MICHAEL LEE SHAPIRO,
Before BRISCOE, LUCERO, and MURPHY, Circuit Judges.
Shapiro was convicted in Utah state court of Rape and Forcible Sexual Abuse. His conviction was affirmed by the Utah Court of Appeals on February 7, 2002; the conviction became final on March 11, 2002, after the thirty-day period for seeking certiorari review in the Utah Supreme Court expired without Shapiro having filed for a writ of certiorari. See Utah R. App. P. 48. Shapiro filed the instant 28 U.S.C. § 2254 petition on May 24, 2004, more than two years and two months after his convictions became final, and more than one year and two months after the limitations period set out in 28 U.S.C. § 2244(d) had expired. Because Shapiro was clearly not entitled to statutory tolling under § 2244(d)(2), and because he had not argued that any equitable circumstances rescued him from the statutory limitations period, the district court denied Shapiro's petition as barred by the limitations period set out in § 2244(d).
Shapiro now seeks a COA to enable him to appeal the district court's denial of his § 2254 petition. A COA may issue "only if the applicant has made a substantial showing of the denial of a constitutional right." 28 U.S.C. § 2253(c)(2). "A petitioner satisfies this standard by demonstrating that jurists of reason could disagree with the district court's resolution of his constitutional claims or that jurists could conclude the issues presented are adequate to deserve encouragement to proceed further." Miller-El v. Cockrell, 537 U.S. 322, 327 (2003). This "requires an overview of the claims in the habeas petition and a general assessment of their merits." Id. at 336. When, however, the district court denies a habeas petition on procedural grounds without reaching the petitioner's underlying constitutional claim, a COA should issue only when the petitioner shows, at least, that jurists of reason would find it debatable whether the petition states a valid claim of the denial of a constitutional right and that jurists of reason would find it debatable whether the district court was correct in its procedural ruling. Slack v. McDaniel, 529 U.S. 473, 484 (2000).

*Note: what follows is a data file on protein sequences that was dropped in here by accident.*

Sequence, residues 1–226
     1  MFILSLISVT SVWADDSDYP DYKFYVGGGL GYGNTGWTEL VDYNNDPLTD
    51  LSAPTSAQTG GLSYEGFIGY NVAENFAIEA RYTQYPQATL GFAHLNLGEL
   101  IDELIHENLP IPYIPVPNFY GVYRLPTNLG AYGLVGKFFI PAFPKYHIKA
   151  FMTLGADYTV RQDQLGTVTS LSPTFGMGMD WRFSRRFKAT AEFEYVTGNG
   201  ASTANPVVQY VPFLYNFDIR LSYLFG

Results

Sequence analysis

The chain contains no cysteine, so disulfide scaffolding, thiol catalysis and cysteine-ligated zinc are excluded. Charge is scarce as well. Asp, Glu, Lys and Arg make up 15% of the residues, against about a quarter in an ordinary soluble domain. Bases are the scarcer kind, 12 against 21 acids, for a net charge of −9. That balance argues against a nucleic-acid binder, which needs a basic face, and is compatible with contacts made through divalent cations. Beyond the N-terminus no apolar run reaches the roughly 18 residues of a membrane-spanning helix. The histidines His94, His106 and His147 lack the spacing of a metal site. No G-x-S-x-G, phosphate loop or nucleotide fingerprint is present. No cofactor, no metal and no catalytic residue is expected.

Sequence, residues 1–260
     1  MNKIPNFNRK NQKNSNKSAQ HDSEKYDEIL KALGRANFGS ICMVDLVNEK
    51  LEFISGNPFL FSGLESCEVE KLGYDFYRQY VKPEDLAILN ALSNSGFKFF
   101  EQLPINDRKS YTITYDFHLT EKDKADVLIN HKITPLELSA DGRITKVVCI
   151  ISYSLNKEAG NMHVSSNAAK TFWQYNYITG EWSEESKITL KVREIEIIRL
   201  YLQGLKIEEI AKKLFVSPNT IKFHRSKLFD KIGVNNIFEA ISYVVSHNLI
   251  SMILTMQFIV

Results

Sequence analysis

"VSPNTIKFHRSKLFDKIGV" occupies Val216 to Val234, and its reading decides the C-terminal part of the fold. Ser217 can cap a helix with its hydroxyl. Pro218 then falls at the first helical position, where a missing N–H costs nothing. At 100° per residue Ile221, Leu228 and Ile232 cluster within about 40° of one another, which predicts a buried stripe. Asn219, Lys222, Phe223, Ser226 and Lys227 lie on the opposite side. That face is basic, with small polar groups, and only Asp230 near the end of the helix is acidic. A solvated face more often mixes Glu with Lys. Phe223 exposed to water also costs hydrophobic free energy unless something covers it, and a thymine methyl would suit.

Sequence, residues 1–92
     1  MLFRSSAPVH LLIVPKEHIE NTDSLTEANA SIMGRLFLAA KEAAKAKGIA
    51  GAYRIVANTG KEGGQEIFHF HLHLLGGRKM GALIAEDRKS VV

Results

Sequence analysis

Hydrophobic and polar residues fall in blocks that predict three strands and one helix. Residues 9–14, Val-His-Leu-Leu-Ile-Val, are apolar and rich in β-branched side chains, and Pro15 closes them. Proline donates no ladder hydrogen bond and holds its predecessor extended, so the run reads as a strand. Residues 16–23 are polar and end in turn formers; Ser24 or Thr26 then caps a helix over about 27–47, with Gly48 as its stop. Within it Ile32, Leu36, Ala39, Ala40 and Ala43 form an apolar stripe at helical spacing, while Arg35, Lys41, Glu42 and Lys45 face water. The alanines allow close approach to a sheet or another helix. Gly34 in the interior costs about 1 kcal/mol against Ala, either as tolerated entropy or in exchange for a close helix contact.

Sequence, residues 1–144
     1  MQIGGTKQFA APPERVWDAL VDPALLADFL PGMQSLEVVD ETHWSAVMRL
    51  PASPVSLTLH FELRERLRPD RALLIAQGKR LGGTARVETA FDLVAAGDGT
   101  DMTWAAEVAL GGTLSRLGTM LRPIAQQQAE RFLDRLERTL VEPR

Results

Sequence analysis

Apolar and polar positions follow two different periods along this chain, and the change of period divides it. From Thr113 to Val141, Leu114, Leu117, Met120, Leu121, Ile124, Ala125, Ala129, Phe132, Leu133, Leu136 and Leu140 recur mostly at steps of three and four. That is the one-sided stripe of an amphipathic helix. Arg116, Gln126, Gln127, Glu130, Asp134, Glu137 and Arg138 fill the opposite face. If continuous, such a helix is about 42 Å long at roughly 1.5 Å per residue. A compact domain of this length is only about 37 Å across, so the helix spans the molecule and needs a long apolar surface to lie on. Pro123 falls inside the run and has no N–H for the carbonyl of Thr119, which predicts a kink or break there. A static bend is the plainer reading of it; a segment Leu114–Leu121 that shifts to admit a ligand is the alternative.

Having undertaken a review of Shapiro's application for a COA and appellate filings, the district court's order, and the entire record before this court pursuant to the framework set out by the Supreme Court in Miller-El, this court concludes that Shapiro is not entitled to a COA. Shapiro's brief on appeal does not even address the limitations issue upon which the district court based its ruling, but instead focuses exclusively on the merits of his claims. In any event, it is clear that Shapiro is not entitled to statutory tolling because he did not file any state petitions for post-conviction relief that would trigger the application of 28 U.S.C. § 2244(d)(2). Likewise, the district court did not abuse its discretion in declining to equitably toll the limitations period in the absence of any arguments in that regard on the part of Shapiro. See Harms v. IRS, 321 F.3d 1001, 1006 (10th Cir. 2003) (holding that district court's decision on equitable tolling is reviewed for abuse of discretion). The district court's resolution of Shapiro's § 2254 petition is not reasonably subject to debate and the issues he seeks to raise on appeal are not adequate to deserve further proceedings. Accordingly, this court DENIES Shapiro's request for a COA and DISMISSES this appeal.
Entered for the Court
PATRICK FISHER, Clerk of Court